If we extrapolate historical trends to 2050, as seen in the chart below, by 2050, burn rates would increase to 50 percent; recycling up to 44 percent; and discarded waste would fall to 6%. However, it should be noted that this is based on a simplified extrapolation of historical trends and does not reflect specific projections.

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Where Does All The Plastic Go?

Of the 5,800 million tons of virgin plastic no longer used, only 9 percent has been recycled since 1950.

To which industries and product applications is the primary production of plastics allocated? The chart shows the allocation of plastics production by sector in 2015.

Construction was the second largest sector using 19 percent of the total. The primary production of plastics does not directly reflect the generation of plastic waste (as shown in the next section), as this also affects the type of polymer and the lifetime of the final product.

This graph shows the use of virgin plastics by sector; in the graph, we show the same sectors in terms of plastic waste generation. The generation of plastic waste is strongly influenced by the original use of plastics, but also by the life of the product.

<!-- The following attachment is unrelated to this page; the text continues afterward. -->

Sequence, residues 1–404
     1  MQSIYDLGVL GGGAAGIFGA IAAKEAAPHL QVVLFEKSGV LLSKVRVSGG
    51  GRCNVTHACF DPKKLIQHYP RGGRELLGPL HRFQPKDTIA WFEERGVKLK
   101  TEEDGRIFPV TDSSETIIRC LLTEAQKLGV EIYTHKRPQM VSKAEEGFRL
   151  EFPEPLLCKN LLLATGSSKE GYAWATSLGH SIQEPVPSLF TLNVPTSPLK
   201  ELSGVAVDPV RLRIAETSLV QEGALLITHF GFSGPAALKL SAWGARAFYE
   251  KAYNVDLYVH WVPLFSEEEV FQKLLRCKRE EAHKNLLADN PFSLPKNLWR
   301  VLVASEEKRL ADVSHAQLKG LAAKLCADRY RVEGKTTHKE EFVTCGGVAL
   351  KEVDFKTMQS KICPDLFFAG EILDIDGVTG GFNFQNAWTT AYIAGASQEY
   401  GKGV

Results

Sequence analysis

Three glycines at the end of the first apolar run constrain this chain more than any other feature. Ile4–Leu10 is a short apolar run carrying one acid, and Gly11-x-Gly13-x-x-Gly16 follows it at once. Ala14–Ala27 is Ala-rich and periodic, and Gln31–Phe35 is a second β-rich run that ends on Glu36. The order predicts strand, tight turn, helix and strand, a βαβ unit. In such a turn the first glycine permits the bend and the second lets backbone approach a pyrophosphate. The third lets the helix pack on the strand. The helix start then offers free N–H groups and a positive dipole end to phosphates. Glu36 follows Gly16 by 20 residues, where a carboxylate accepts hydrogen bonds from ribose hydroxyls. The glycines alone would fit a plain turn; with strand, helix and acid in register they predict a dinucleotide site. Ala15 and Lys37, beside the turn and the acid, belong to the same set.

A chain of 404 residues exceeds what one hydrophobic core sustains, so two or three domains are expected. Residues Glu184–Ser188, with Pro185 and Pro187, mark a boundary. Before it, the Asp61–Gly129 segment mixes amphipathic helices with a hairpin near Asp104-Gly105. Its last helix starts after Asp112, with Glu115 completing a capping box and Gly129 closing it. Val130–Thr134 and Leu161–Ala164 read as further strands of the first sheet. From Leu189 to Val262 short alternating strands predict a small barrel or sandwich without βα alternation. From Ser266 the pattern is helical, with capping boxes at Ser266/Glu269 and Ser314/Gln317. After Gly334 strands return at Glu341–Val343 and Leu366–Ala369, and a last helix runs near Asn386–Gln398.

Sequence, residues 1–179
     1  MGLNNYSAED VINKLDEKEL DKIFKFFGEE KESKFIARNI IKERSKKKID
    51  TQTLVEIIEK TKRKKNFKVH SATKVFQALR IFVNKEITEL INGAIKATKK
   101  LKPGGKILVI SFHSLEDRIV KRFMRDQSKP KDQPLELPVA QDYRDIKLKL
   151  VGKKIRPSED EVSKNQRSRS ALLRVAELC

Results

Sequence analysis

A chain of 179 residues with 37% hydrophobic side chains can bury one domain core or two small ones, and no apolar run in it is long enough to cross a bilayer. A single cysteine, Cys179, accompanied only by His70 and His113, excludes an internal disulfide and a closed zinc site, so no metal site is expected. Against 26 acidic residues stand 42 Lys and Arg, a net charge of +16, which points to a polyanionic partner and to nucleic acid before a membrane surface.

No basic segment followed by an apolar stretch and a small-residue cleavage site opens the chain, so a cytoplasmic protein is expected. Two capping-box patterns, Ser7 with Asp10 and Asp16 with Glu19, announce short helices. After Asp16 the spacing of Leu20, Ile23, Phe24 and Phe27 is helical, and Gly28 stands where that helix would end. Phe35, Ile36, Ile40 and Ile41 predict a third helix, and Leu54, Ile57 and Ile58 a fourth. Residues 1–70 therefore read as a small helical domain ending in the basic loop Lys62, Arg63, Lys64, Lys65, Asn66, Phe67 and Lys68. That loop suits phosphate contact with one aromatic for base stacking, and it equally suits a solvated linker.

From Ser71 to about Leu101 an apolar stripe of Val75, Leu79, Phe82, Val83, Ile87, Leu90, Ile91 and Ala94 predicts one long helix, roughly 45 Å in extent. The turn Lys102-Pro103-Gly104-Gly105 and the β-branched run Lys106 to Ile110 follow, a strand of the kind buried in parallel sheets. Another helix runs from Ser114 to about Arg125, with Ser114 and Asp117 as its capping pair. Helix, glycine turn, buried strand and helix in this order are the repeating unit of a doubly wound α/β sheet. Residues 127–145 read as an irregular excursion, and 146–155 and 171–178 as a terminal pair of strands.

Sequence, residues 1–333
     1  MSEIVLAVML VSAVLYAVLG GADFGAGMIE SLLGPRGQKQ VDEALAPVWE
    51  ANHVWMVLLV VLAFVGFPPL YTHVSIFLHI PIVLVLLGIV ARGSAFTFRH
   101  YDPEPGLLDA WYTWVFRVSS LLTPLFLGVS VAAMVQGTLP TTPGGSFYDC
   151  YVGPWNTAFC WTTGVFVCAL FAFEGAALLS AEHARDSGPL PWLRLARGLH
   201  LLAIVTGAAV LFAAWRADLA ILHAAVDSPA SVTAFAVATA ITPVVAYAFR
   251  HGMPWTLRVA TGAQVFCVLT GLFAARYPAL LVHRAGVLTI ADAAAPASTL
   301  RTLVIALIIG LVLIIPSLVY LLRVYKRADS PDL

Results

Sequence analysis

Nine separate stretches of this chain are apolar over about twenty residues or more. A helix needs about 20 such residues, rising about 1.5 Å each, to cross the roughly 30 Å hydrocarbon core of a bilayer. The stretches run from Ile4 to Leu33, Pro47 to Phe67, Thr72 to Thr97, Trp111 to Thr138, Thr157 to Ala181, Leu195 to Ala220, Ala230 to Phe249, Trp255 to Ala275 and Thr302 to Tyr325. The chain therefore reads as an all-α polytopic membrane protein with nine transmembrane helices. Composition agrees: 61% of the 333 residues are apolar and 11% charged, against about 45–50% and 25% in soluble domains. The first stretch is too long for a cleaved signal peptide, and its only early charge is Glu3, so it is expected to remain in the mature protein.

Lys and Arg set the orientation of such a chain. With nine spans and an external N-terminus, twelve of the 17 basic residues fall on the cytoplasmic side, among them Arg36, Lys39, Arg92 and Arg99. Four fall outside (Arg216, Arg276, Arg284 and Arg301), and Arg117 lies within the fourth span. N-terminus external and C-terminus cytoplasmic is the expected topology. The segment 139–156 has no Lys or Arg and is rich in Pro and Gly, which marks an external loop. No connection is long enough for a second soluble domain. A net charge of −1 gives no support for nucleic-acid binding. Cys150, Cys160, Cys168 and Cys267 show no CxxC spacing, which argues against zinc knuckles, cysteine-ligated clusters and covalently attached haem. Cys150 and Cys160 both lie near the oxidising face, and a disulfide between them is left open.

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For example, packaging has a very short lifespan (usually around 6 months or less). This contrasts with construction, where the average lifespan of plastics is 35 years.5

In 2015, the production of virgin plastics was 407 million tonnes; about three-quarters (302 million tonnes) ended up as waste.

In the graph, we see the rate of plastic waste generation per capita, measured in kilograms per person per day.

Here we see differences of magnitude: daily plastic waste per capita in the most valuable countries – Kuwait, Guyana, Germany, the Netherlands, Ireland, the United States – is more than ten times higher than in many countries such as India, Tanzania, Mozambique and Bangladesh .